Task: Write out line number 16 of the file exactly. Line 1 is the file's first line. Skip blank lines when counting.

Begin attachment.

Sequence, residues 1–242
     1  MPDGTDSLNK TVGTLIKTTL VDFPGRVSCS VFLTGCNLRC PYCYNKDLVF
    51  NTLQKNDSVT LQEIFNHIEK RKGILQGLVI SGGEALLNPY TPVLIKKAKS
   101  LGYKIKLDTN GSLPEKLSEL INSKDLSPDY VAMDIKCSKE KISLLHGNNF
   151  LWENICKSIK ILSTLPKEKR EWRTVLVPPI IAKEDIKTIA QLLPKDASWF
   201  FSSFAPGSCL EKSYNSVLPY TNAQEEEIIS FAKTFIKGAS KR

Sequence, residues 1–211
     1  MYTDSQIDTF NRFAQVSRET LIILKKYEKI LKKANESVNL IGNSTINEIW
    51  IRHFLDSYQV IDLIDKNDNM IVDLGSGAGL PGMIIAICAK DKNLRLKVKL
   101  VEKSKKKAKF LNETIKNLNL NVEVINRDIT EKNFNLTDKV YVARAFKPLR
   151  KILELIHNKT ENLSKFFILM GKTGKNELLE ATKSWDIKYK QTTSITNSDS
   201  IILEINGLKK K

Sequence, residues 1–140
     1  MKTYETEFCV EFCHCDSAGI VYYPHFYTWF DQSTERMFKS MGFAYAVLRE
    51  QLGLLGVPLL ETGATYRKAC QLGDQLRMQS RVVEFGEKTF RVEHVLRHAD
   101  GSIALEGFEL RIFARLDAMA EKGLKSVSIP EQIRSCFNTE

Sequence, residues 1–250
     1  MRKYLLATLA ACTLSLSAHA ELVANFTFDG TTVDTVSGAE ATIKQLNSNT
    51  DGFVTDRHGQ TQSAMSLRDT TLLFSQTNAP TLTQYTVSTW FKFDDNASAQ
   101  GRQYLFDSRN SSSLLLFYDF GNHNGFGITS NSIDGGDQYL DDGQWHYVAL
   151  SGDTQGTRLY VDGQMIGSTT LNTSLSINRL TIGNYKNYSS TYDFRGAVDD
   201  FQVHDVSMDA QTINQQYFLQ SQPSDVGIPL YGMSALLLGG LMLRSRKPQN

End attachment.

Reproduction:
   101  GSIALEGFEL RIFARLDAMA EKGLKSVSIP EQIRSCFNTE